The battle for 2020: Possible Democratic presidential candidates
Here come two Democrats vying for Oval Office occupancy: Joe Biden, who has been getting lots of huge headlines for the kind tradition of hugging women, and Sen. Kamala Harris, who has been getting relatively few, much smaller headlines for ruining lives.
Biden, kind of a centrist, could be in deep trouble while Harris, a conservative or a leftist depending on which part of her life you look at, could soon be climbing up. America, an ever-more divided, confused nation, has much to worry about.
A former vice president and senator, Biden has been around for decades but still comes across as more or less of one moderately liberal piece not yet chewed to complete nuttiness by the emergent left. It is absolutely fair to look closely at him and, yes, you can see on internet videos that his klutzy, sometimes overreaching hugging manners could be questioned, although some recipients have said how cheery his closeness made them feel.
It does seem that he has never met a hugging, arm-wrestling opportunity he didn’t like, and this has recently led to snarling, growling and bared teeth. All of the vitriol was on hand, however, before two recent allegations of somewhat more serious behavior, even if none of it amounts to sexual assault. Compared to Harvey Weinstein, Biden is Mother Teresa. To me, some of the anti-Biden rhetoric trivializes the #MeToo movement as exaggerated and mean-spirited.
As San Francisco’s district attorney and California’s attorney general, Harris compiled an astonishing record of disregarding legal flubs that stuck people in prison as she then insisted they stay there. In effect, she shoved due process in a paper shredder by way of technicalities, thereby enabling the ruin of people who, in some instances, were likely innocent. We’re not talking about emotional disturbance after a supposed kiss on the back of the head. We’re talking about the prolonged, debilitating torture of prison.
Harris, smart, tough and quick to offer freebies we can’t afford to citizens perhaps returning the favor at the voting booth, offered little to defendants when she served as a district attorney. She didn’t tell defense attorneys, for instance, that a lab technician had messed with drug evidence by such methods as theft, and so you got convictions based on a fair share of hooey. A judge let 600 of the victims go home despite Harris’s unprincipled protests.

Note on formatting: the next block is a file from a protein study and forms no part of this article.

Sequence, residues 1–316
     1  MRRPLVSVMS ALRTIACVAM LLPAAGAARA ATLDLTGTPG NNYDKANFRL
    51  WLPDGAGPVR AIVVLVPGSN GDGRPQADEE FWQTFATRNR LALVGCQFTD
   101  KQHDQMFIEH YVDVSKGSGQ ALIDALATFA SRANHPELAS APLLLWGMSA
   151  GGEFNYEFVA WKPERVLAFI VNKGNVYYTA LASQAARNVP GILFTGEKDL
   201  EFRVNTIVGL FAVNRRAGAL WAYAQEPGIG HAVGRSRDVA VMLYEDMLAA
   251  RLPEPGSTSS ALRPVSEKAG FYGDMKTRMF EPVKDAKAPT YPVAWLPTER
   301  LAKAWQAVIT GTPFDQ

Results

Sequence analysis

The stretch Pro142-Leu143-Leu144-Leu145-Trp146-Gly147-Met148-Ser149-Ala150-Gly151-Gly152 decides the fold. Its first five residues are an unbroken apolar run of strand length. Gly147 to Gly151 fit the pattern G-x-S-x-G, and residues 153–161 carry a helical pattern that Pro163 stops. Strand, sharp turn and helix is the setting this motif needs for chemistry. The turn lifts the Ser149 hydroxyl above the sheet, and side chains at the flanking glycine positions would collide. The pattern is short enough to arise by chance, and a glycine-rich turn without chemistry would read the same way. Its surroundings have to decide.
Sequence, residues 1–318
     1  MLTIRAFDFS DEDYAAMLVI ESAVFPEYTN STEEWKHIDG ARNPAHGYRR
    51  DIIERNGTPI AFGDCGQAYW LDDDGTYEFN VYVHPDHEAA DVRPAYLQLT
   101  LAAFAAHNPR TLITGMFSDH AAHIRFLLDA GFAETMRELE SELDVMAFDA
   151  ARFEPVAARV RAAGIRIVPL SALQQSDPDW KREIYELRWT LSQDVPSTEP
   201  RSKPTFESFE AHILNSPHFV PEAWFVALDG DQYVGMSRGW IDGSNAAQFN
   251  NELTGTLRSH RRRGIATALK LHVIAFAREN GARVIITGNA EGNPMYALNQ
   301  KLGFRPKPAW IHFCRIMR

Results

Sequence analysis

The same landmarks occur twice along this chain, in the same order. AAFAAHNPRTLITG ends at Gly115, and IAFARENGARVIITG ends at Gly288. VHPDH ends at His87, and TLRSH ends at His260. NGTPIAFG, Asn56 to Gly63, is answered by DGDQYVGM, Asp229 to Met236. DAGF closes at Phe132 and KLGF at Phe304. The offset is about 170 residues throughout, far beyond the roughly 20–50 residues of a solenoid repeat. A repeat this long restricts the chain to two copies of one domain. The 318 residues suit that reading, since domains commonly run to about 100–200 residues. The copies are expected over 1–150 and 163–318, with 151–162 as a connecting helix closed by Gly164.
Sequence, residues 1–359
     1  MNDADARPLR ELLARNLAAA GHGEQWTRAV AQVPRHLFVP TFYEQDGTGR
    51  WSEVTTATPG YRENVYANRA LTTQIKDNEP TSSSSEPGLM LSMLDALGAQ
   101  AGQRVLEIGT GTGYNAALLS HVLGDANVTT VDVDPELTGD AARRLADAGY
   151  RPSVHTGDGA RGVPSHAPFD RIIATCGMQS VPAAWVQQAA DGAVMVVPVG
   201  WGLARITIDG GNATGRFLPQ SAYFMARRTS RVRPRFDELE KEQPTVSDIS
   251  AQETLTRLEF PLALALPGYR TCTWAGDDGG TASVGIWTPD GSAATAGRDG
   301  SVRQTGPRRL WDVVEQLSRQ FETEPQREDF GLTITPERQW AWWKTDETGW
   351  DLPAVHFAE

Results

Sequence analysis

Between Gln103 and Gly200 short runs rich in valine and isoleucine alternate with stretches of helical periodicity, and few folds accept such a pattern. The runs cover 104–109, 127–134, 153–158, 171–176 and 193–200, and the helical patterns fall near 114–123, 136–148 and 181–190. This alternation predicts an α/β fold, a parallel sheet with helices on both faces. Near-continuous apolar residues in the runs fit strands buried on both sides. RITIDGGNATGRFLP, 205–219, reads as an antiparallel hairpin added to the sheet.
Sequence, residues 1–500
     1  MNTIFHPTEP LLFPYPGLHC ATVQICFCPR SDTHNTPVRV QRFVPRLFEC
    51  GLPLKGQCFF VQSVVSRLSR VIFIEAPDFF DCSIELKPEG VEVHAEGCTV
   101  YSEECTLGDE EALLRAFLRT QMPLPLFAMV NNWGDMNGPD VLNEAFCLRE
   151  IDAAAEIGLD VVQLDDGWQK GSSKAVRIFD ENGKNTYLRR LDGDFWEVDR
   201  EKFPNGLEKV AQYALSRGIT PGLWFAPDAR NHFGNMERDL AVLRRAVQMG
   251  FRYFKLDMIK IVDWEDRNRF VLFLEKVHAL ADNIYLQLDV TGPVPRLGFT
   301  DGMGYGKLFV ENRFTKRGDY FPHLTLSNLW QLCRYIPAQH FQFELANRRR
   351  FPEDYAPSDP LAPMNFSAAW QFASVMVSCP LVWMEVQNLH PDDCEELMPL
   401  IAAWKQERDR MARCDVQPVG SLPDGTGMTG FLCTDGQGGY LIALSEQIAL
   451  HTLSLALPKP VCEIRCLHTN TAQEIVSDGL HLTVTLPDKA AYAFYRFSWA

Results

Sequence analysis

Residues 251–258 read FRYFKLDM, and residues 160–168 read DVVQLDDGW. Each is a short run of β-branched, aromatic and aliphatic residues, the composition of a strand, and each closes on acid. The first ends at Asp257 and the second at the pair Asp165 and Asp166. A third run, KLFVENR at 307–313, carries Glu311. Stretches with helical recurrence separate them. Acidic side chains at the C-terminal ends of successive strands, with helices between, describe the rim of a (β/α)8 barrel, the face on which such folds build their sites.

When she was attorney general, there was a man whose stepdaughter had accused him of sexual abuse. He said she was lying and turned down a plea bargain offer of just a few years in prison. He got convicted without evidence being presented that she had in fact lied like a spurting fire hydrant to police. When that became known, Harris and team still fought to keep him in prison for decades, and won.
The point here is that we are one mixed-up country. In the views of too many, mountains are always molehills and molehills are always mountains. Old, positive norms around for centuries are with us one day and gone the next, sometimes pushed aside for the sake of revelatory insights at war with common sense. Disagree with these people whose eyesight is abetted by bigoted imaginations, and they will tell you how careless you have been in covering up your Hitler mustache.
Obviously, the 2020 campaigning has gotten a fast start in 2019, and we citizens, while no doubt often seeing it as too much too soon, should still aim to learn what is truly important about the candidates.
Jay Ambrose is an op-ed columnist for Tribune News Service.
(c) 2019 Tribune Content Agency